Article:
An ETA 2892-A2 powers the three-hand Pacific and Grand Pacific and for the chronograph Chronoswiss chose the ETA 7750. Through the exhibition back, you can view the high level of finish: the skeletonized and rhodium-plated rotor and bridges with côtes de Genève, polished pallet fork, escape wheel and screws and plates with perlage.
Chronoswiss has created a worthy tribute to the original Pacific, a modern interpretation that is rugged enough to accompany you out in the field yet elegant enough under your suit sleeve (yes it will fit) at the office.







Prices EURO:
CH2883 Pacific (40mm) €2490 on strap, €2850 on steel bracelet
CH2883 B Grand Pacific (43mm) €2790 on strap, €3150 on steel bracelet
CH7583 Pacific Chronograph (43mm) €3590 on strap, €3950 on steel bracelet
Prices GBP:
CH2883 Pacific (40mm) £2320 on strap, £2655 on steel bracelet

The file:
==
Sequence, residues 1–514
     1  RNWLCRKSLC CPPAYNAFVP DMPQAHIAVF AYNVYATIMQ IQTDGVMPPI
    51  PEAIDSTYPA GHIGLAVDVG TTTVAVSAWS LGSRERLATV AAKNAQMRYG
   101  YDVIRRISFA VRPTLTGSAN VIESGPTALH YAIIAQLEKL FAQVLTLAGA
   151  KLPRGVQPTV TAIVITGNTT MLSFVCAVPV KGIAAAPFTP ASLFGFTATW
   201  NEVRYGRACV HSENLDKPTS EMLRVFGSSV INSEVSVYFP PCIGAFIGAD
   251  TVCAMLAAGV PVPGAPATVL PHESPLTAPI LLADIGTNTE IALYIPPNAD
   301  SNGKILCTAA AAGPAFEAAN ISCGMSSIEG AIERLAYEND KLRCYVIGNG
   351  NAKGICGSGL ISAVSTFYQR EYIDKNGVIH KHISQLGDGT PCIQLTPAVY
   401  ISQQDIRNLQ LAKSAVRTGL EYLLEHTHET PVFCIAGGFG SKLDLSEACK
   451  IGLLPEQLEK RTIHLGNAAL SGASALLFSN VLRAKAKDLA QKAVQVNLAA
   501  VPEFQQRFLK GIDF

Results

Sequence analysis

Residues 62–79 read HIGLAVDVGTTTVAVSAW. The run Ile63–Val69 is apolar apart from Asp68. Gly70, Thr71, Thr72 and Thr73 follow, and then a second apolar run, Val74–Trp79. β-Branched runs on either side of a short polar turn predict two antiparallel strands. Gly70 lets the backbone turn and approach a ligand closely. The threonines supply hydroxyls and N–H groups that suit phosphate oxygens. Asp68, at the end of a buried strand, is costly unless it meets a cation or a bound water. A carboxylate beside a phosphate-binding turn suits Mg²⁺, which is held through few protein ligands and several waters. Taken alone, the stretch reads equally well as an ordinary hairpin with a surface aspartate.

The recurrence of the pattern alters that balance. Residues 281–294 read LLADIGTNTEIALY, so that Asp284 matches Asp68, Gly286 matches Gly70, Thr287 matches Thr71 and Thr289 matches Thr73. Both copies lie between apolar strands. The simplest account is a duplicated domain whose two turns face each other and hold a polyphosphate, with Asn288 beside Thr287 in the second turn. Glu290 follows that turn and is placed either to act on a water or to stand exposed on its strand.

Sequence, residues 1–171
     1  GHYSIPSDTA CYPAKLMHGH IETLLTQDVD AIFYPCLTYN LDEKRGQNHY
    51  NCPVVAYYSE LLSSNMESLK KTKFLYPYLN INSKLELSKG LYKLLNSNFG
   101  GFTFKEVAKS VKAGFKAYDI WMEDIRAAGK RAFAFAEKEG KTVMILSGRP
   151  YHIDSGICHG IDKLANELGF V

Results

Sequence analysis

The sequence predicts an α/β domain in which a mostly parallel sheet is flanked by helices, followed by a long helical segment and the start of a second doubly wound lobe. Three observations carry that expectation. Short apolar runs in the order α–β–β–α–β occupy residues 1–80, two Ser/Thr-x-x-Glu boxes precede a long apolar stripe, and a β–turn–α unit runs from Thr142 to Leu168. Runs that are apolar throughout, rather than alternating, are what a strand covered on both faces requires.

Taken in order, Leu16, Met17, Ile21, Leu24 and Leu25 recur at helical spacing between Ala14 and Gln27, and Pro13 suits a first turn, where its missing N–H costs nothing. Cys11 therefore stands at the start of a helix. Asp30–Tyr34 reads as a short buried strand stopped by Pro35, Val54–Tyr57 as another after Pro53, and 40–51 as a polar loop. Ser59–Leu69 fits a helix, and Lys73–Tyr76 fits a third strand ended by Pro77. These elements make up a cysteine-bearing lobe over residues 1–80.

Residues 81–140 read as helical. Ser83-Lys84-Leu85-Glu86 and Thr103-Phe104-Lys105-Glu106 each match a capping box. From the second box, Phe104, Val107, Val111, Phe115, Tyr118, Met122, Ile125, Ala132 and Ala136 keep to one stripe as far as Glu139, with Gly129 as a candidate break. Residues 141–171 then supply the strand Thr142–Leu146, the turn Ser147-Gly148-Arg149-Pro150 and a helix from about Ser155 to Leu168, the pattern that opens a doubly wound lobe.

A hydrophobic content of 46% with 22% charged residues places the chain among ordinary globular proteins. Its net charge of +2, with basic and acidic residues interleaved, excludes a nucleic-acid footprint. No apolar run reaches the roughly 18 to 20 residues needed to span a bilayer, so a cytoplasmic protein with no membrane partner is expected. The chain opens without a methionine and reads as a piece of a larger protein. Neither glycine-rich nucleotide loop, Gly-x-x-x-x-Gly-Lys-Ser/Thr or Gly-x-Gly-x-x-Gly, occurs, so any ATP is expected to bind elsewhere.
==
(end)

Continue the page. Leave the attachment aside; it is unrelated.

CH2883 B  Grand Pacific (43mm) £2595 on strap, £2935 on steel bracelet
CH7583 Pacific Chronograph (43mm) £3340 on strap, £3680 on steel bracelet
Prices USD:
CH2883 Pacific (40mm) - Prices TBC
CH2883 B Grand Pacific (43mm) $3800 + tax on strap, bracelet price TBC
CH7583 Pacific Chronograph (43mm) $4800 + tax on strap, bracelet price TBC

Pictures that tell of our times: Maurice Lacroix, Official Watch Partner of World Press Photo Awards Ceremony



Martin Bachmann, CEO Maurice Lacroix and Michiel Munneke, MD, World Press Photo


Zurich, March 2011
: Maurice Lacroix is the official watch partner of the prestigious World Press Photo Awards Ceremony, which this year takes place in Amsterdam on 7th May. Besides the presentation of watches to the first prize winners of each category, the three-year partnership deal also includes the annual “Follow Your Convictions” grant, worth €20,000, initiated by Maurice Lacroix and to be presented during the Awards Ceremony.

Martin Bachmann, CEO Maurice Lacroix, says of this new collaboration, “The partnership with World Press Photo, which has been the world’s most prestigious photo contest since 1955, perfectly encapsulates the message behind our ‘Follow your convictions’ philosophy. Photographs tell authentic stories, capture true events or evoke contemporary themes. And the unifying factor in all this is the ability of photographers around the world to follow their convictions. It is their work alone that allows such an emotionally charged record of the times we live in to emerge.”